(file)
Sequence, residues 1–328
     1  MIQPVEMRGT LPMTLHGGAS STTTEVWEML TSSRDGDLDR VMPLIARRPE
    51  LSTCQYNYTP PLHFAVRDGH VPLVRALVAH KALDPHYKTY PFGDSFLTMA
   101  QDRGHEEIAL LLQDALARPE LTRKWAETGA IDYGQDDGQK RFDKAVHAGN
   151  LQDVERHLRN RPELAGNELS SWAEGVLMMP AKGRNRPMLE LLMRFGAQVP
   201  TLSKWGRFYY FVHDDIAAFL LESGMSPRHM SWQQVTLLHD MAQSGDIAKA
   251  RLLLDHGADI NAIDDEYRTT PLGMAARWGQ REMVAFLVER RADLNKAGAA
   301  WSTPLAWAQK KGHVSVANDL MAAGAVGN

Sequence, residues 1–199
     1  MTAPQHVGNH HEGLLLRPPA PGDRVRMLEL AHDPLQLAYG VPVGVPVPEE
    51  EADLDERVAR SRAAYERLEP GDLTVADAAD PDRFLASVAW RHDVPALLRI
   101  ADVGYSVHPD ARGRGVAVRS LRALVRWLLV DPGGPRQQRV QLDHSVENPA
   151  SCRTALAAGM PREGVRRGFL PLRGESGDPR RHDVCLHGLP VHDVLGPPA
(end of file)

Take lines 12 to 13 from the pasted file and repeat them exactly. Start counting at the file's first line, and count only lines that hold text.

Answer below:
   101  ADVGYSVHPD ARGRGVAVRS LRALVRWLLV DPGGPRQQRV QLDHSVENPA
   151  SCRTALAAGM PREGVRRGFL PLRGESGDPR RHDVCLHGLP VHDVLGPPA